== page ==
that create enamel defects, affecting one in every 700 to 14 000 hu-
mans.1,2 A variety of different genetic mutations can be responsible
for these heritable diseases.3-6 Pitting- and plane- form enamel hypo-
plasia are common, but abnormal enamel density, thickness and dis-
coloration are also associated with different forms.7-16 To differentiate
between different types of AI, clinical, histological and radiographic
methods have been used.2,5,10
Amelogenesis imperfecta has yet to be implicitly stated as present
in a non- human primate dentition; however, research has implicated
genetic factors in the formation of severe defects, and descriptions of
specimens have been reported that may fit with what is now classified as
AI.17-19 Given the large number of mutations that can cause these herita-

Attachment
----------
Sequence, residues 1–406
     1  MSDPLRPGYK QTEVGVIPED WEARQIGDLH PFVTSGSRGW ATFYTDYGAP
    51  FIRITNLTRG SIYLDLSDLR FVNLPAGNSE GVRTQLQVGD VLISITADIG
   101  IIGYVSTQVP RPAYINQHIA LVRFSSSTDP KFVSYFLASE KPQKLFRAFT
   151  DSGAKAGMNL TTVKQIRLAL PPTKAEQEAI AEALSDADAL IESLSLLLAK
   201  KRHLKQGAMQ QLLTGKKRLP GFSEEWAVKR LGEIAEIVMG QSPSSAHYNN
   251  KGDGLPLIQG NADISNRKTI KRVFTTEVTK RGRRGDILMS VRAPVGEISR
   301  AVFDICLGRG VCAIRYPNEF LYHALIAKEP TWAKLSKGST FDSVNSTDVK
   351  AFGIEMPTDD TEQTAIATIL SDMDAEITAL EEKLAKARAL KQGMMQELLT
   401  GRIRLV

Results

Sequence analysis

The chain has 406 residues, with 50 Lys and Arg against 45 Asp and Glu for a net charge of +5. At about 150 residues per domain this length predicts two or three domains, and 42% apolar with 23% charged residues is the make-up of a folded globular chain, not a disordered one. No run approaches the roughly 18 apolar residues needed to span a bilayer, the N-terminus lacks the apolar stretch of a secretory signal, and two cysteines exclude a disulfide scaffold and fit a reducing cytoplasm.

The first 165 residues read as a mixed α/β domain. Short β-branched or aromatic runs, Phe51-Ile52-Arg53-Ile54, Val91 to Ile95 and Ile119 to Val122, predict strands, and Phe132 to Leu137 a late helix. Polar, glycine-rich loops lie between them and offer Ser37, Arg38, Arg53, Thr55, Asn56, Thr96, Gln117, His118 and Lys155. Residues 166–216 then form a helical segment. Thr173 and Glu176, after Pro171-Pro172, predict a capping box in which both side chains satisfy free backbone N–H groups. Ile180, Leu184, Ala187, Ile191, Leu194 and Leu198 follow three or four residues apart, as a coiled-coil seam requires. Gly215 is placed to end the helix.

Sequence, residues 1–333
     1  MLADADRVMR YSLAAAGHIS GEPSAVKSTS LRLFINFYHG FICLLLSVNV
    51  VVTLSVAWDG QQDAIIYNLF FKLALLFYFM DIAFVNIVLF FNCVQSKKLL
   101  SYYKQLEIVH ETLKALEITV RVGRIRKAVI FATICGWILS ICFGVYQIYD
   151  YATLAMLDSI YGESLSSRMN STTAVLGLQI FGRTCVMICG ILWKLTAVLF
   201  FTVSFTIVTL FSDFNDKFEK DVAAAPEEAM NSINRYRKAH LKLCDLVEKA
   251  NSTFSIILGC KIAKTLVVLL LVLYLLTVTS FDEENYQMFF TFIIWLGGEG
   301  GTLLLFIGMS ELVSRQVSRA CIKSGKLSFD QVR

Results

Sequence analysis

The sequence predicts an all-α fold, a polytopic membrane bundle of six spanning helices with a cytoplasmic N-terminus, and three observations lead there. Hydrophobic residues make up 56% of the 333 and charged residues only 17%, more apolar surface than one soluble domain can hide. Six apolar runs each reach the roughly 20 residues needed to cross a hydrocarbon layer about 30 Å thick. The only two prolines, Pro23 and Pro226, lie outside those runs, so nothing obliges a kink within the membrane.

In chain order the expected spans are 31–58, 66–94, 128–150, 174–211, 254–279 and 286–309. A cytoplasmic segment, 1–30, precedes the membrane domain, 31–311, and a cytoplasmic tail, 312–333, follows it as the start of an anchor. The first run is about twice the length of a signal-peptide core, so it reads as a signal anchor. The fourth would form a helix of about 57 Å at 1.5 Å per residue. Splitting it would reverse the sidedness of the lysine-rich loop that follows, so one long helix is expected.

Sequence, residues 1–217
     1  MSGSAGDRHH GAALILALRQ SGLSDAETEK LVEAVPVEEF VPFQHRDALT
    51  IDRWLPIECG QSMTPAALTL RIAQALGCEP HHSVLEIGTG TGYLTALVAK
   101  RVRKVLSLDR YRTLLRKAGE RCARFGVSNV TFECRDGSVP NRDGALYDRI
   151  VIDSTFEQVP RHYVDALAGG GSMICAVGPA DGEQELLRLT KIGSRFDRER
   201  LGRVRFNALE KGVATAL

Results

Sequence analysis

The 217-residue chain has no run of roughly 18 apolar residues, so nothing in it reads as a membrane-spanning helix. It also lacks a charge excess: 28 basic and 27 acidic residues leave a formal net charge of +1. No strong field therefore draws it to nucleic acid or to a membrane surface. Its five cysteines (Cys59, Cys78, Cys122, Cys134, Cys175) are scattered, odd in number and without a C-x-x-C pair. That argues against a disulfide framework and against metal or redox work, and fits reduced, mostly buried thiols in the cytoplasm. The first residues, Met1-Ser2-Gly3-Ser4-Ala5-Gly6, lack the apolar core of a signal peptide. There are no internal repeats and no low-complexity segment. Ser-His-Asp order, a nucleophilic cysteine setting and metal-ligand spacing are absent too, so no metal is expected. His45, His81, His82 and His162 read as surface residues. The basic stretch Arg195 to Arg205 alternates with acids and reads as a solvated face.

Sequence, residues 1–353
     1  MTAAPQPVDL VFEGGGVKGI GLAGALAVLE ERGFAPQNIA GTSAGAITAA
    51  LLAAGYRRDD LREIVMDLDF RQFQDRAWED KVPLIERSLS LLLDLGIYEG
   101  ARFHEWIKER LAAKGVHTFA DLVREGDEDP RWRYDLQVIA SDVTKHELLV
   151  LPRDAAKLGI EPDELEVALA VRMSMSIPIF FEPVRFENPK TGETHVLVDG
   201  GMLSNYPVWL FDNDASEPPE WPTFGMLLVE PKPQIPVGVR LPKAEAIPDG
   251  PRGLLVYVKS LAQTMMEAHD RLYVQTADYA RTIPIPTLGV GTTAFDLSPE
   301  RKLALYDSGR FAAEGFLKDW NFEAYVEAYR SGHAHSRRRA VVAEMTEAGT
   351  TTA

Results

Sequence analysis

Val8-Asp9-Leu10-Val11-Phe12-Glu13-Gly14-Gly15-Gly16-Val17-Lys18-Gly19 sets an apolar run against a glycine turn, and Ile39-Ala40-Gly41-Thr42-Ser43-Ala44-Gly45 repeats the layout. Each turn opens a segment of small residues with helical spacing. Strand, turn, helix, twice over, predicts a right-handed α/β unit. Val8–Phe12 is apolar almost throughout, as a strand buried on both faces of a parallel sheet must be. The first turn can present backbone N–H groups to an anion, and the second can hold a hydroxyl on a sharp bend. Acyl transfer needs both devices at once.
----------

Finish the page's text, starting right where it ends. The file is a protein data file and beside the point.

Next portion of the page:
ble conditions in humans, it is perhaps surprising that more examples of
similar defects in primates have not been described. This deficiency likely
reflects much larger sample sizes and the proportionally greater amount
of research, that is carried out on humans. In this study, the dentitions of
gorillas, chimpanzees and baboons were examined for signs of AI.
2 | MATERIALS AND METHODS
A total of 119 chimpanzee, 93 gorilla and 43 baboon dentitions were
analysed, with both permanent (n = 5740) and deciduous (n = 1353)
teeth studied. This material is curated at the Powell- Cotton Museum
in Kent, UK. The primates were wild shot and collected in the first half
of the 20th century.20,21 Like most of the chimpanzee sample, the indi-
vidual discussed below originated from the Batouri district, Cameroon.
All teeth were examined macroscopically with a 10 × hand lens
also used to confirm defects. The presence and position of pitting- ,
plane- and linear- form of hypoplasia were recorded for each tooth.
Other enamel defects such as discoloration, porosity and reduction in
size were recorded, along with congenitally missing and supernumer-